Blue Plaques

BESANT, Annie (1847–1933)

Plaque erected in 1963 by London County Council at 39 Colby Road, Gipsy Hill, London, SE19 1HA, London Borough of Southwark

All images © English Heritage


Social Reformer


Philanthropy and Reform, Religion


ANNIE BESANT 1847-1933 Social Reformer lived here in 1874



Controversial in her own lifetime, Annie Besant was, at different points in her life, a freethinker, a journalist, a publisher and editor, an atheist, a promoter of birth control, a socialist, a theosophist and a political leader. A blue plaque at 39 Colby Road, Gypsy Hill, marks the place where she lived in 1874.

Photograph of Annie Besant from around the mid 1880s by Hayman Seleg Mendelssohn
Photograph of Annie Besant from around the mid 1880s by Hayman Seleg Mendelssohn © National Portrait Gallery, London

Marriage and Separation

Annie Wood was born in the City of London into a family of Irish origin. She married Frank Besant, a clergyman (and a brother of Sir Walter Besant), in 1867. However, her loss of religious faith led to their separation in 1873. In 1874 Annie moved with her daughter Mabel, her ailing mother Emily and their maid, to the recently built house at 39 (formerly 26) Colby Road, Gipsy Hill. Divorce was unthinkable for her husband, who retained custody of their son.

Living in London, Annie Besant supplemented a small allowance from her husband with money earned from writing articles commissioned by the free thinker Thomas Scott. In August 1874 she gave her first public lecture, later published as The Political Status of Women.

Besant left the modest house in October 1874. Her later, longer-term London addresses in Paddington, Hampstead and St John’s Wood have been demolished. 

While resident in Colby Road, Besant was introduced by a neighbour to Charles Bradlaugh, President of the National Secular Society, and was soon contributing to their paper, the National Reformer.

Political and Social Work

A decade later, Besant became one of the earliest members of the socialist organisation the Fabian Society, alongside Beatrice and Sidney Webb and George Bernard Shaw.

She supported Irish Nationalism and Home Rule, and was part of the Bloody Sunday demonstration in London on 13 November 1887.

As a member of the (Marxist) Social Democratic Federation (SDF), she was elected the SDF candidate to the London School Board in Tower Hamlets (1888–91). There she was instrumental in the abolition of fees for board schools and providing free school dinners and medical examinations.

A brilliant orator, Besant was equally persuasive – and controversial – in print.  As co-editor of The Link, the journal of the Law and Liberty League, she highlighted the poor conditions suffered by workers at the Bryant and May factory in Bow and supported the successful Match Girls’ Strike and resulting trade union.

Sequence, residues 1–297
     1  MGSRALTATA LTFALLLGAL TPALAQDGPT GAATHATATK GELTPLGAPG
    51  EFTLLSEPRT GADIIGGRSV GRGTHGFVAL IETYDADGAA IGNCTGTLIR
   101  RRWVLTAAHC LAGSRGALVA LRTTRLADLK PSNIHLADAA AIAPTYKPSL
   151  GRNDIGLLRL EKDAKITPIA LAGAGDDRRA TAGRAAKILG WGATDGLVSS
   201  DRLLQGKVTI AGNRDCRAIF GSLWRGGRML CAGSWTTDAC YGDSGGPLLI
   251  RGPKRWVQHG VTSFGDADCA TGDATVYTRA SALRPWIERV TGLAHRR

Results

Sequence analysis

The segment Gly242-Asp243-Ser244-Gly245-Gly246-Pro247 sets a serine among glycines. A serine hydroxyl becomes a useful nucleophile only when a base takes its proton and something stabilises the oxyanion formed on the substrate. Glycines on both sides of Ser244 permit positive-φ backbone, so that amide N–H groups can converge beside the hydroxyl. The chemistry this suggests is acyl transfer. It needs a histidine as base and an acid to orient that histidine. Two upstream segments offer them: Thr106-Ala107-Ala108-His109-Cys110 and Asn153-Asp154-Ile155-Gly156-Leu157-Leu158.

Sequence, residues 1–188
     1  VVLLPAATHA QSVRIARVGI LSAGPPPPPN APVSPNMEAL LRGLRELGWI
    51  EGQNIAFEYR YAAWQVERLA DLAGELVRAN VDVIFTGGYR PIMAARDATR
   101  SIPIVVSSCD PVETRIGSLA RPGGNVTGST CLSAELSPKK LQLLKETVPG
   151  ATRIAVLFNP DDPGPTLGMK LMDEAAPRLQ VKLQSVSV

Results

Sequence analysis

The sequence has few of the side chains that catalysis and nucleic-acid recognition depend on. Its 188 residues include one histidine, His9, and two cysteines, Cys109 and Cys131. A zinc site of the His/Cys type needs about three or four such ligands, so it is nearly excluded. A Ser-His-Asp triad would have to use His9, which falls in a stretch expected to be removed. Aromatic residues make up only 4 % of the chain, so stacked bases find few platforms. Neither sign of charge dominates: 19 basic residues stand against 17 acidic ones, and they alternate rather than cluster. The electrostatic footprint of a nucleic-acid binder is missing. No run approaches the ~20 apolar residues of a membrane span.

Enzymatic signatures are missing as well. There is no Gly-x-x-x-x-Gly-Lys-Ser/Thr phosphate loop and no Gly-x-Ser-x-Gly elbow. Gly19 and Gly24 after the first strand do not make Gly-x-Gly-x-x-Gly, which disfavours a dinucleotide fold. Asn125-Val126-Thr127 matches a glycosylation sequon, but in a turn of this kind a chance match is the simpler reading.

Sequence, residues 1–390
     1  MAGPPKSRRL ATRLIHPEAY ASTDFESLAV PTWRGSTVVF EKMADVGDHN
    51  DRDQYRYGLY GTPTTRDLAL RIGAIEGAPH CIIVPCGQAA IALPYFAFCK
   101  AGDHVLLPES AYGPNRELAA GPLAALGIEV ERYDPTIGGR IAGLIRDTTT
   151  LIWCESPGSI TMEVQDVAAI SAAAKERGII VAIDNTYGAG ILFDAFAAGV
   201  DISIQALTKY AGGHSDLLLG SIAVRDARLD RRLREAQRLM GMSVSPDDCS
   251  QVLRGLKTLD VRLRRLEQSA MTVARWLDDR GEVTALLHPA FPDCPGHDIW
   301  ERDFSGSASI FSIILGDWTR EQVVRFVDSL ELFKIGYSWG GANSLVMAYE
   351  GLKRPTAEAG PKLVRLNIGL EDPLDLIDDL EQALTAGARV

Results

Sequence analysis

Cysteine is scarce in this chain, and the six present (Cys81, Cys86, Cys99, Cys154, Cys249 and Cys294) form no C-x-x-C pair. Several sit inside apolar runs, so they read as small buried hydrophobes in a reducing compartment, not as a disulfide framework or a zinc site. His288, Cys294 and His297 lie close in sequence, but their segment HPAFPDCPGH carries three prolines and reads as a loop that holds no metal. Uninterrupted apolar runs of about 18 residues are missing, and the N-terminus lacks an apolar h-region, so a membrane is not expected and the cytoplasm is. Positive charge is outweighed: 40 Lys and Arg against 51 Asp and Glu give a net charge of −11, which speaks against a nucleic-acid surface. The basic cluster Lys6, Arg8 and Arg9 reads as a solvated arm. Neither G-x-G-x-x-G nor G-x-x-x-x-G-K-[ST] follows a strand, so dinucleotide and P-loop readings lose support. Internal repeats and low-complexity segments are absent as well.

Birth Control and Theosophy

In 1877 Besant and Bradlaugh set up the Freethought Publishing Company and reissued Charles Knowlton’s 1835 treatise on birth control, The Fruits of Philosophy. This resulted in their sensational trial under the Obscene Publications Act (1857). The jury ruled against the sixpenny pamphlet but their convictions were reversed on appeal.

Besant then published her own advice, The Law of Population (1878), dedicated to the ‘poor in great cities and agricultural districts’. She agreed with Thomas Malthus’s theory that nature produces more life than it can support, but not his solution of late marriages for the poor, arguing that ‘the more marriage is delayed, the more prostitution spreads’.

She was also vehemently against abortion, and the ‘unnatural checks’ on population accepted by Malthus: starvation and disease. Instead she recommended birth control by the barrier method – for married couples only – stating it was ‘immoral to bring children into the world when you cannot clothe, feed or educate them’. More unpalatable is her statement that ‘the whole British race would gain in vigour, in health, in longevity, in beauty, if only healthy parents gave birth to children’.

In 1878 she lost custody of her daughter because she refused to give her religious instruction and because – so the court decided – she might grow up to publish works similar to those of her mother. 

In the late 1880s Besant became a Theosophist and in 1891 she renounced birth control because it was incompatible with this belief system, the aims of which were universal brotherhood, the study of comparative religions and investigation of the mystic powers of life and matter. She withdrew The Law of Population from publication and refused to sell the copyright. But she defended her right to publish both it and The Fruits of Philosophy on grounds of free discussion. 

India and Later Life

In tune with Theosophy’s emphasis on the study of religions from Eastern cultures, Besant lived mostly in India from 1893. There she founded the Central Hindu College in Benares and was briefly put under house arrest as a result of her strong advocacy of Indian self-rule. She was president of the Theosophical Society from 1907 and in 1917, aged 72, became president of the National Indian Congress.

In 1927, while addressing a large gathering of Theosophists in Berlin, she ‘prophesied a powerful federation of Teutonic races, including Germany, Great Britain and America’ (The Manchester Guardian, 20 August 1927). This was intended spiritually as well as racially but now has more sinister undertones.

Besant died at Adyar, Madras (now Chennai) in 1933.

Further Reading

Annie Besant, An Autobiography (London, 1893) (accessed 3 Nov 2020)

Anne Taylor, Besant [nee Wood], Annie (1847–1933), Oxford Dictionary of National Biography (2004) (subscription required: accessed 3 Nov 2020)

Gareth Stedman Jones, The Flight of a Clergyman’s Wife, London Review of Books, 15, (27 May 1993) (accessed 3 Nov 2020)

Nearby Blue Plaques

Nearby Blue Plaques

'step into englands story